Government to demarcate stem cell therapy from stem cell drug
New Delhi: To ensure unhindered access of 'stem cell therapy' for treatment by physicians, the Union Health Ministry has proposed to statutory distinguish it from 'stem cell drugs,' making the latter alone liable to the usual screening and trial runs stipulated for new drugs.
Apprising an international conference on stem cells of the government's move, Drug Controller General of India S Eswara Reddy said the Union Health Ministry has proposed amendments in the Drugs and Cosmetics Rules, 1945 to regulate the Stem Cell-based drugs.
The proposed amendments would demarcate 'stem cell-based drugs' from the 'stem cell therapy' and ensure that the physicians using the latest medical technique in treatment is not legally inconvenienced.
Reddy was speaking at the 4th international conference SCSICON 2018 organized by the Stem Cell Society of India.
The proposed amendments to the Drugs and Cosmetics Rule, 1945, demarcating 'stem cell drugs' from the 'stem cell therapy' have been incorporated in the Gazette of India published on April 4.
Explaining the proposed demarcation between the two key terms, Stem Cell Society of India president Dr Alok Sharma said the cells or tissues taken from the patient's body and merely subjected to cleaning and separation for administering immediately without its manipulation outside the body is termed as 'minimally manipulated stem cells.'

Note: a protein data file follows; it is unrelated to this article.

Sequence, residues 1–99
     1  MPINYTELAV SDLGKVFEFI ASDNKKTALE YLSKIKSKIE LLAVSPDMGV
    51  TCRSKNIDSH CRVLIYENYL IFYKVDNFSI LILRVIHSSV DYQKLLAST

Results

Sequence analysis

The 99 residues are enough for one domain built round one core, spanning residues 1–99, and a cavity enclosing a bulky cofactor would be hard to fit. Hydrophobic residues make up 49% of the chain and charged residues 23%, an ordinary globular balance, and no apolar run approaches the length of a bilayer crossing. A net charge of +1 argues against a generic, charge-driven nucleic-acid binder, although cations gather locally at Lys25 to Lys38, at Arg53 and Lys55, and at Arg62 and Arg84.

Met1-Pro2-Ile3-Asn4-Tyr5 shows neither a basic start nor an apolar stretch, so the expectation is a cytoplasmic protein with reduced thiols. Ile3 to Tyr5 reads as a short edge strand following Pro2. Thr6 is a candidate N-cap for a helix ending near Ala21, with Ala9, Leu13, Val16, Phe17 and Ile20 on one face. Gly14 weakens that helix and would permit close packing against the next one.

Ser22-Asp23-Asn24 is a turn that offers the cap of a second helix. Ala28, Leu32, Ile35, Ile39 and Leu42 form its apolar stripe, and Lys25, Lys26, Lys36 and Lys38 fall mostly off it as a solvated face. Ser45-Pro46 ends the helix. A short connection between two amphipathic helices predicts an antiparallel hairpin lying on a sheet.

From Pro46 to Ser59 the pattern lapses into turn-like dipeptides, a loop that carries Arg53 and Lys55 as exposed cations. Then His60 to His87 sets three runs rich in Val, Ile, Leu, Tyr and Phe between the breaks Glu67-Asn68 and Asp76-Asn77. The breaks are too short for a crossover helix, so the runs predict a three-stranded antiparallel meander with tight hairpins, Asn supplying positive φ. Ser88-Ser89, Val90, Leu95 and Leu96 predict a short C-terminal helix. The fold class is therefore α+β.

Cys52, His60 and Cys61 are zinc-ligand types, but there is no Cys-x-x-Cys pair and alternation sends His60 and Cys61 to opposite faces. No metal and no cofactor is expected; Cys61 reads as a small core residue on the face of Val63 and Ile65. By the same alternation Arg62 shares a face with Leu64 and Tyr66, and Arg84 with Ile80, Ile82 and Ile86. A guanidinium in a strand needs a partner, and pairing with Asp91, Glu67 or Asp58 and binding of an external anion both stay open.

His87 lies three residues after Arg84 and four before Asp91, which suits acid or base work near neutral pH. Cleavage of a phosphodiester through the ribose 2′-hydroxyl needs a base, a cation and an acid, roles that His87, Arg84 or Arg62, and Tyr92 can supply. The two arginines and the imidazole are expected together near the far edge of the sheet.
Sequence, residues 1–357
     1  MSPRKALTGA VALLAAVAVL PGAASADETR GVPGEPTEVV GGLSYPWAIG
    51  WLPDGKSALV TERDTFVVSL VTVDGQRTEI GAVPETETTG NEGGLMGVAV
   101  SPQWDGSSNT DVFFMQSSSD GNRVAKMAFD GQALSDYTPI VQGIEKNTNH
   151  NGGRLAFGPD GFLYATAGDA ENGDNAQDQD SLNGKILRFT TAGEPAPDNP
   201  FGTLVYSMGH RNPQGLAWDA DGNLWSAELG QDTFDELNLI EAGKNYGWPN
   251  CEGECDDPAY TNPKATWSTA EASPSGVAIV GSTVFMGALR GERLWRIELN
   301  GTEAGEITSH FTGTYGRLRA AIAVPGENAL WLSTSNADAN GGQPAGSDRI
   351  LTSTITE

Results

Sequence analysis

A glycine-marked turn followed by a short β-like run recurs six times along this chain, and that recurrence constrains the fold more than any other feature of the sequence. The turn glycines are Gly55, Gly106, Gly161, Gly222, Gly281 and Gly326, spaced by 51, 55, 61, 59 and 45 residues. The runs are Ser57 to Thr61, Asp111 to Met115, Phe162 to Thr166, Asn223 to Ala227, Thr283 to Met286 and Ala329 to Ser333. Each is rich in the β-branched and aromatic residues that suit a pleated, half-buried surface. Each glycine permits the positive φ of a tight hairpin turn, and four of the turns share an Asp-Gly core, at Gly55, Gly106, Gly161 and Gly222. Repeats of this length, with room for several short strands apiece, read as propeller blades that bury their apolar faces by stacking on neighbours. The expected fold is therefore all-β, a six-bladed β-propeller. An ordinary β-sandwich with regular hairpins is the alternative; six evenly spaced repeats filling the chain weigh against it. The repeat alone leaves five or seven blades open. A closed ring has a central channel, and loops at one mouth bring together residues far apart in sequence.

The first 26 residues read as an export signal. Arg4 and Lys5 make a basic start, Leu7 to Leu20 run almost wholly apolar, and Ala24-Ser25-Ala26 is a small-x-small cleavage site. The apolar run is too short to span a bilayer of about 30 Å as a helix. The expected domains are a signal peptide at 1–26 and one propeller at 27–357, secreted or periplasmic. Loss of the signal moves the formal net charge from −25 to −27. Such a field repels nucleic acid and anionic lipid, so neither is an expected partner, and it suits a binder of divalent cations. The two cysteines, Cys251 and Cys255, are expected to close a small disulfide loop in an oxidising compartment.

He said such 'minimally manipulated stem cells' would not be considered a 'drug' and, so, it would not fall under the purview of the Drugs and Cosmetics Rule, making it liable to statutory screening and trial runs, which the new drugs have to undergo.
Such 'minimally manipulated stem cells' would form part of the 'stem cell therapy' and fall under the purview of surgeons or clinicians as opposed to 'stem cell drugs' which would be a product or a drug, he said.
On the other hand, 'more than minimally manipulated and substantially manipulated stem cells' would be considered as 'drug' under the amended Drugs and Cosmetics Rule, 1945, he said.
Elaborating further, Dr Sharma said the cells or tissues taken out from the body and multiplied or subjected to genetic manipulation in the laboratory and subsequently stored for administering it to the same or another patient are termed 'more than minimally manipulated stem cells.'
Such cells would be termed as drugs as per the amended Drugs and Cosmetics Act 1945 and, accordingly, will have to undergo the requisite screening and trials, stipulated for a new drug.
"The focus of the discussion in the conference was about the regulations for stem cell therapy in India. The scientists and doctors are hopeful about the future of stem cell therapy and welcome the new Indian Gazette," said Dr Sharma.
"These changes are very progressive following the recent developments in countries like Japan, Korea, and USA. This amendment will facilitate the growth of cell therapies in India and will also make these therapies available to lakhs of patients who are currently suffering with incurable diseases."